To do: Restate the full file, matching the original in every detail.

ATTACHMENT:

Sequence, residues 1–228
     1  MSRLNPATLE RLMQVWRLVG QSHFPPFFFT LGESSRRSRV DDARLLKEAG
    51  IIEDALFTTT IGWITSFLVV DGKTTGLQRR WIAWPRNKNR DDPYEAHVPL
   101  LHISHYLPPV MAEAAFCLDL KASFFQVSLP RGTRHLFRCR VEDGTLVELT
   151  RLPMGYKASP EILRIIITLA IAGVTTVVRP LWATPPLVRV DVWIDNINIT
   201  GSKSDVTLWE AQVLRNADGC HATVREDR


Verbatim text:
Sequence, residues 1–228
     1  MSRLNPATLE RLMQVWRLVG QSHFPPFFFT LGESSRRSRV DDARLLKEAG
    51  IIEDALFTTT IGWITSFLVV DGKTTGLQRR WIAWPRNKNR DDPYEAHVPL
   101  LHISHYLPPV MAEAAFCLDL KASFFQVSLP RGTRHLFRCR VEDGTLVELT
   151  RLPMGYKASP EILRIIITLA IAGVTTVVRP LWATPPLVRV DVWIDNINIT
   201  GSKSDVTLWE AQVLRNADGC HATVREDR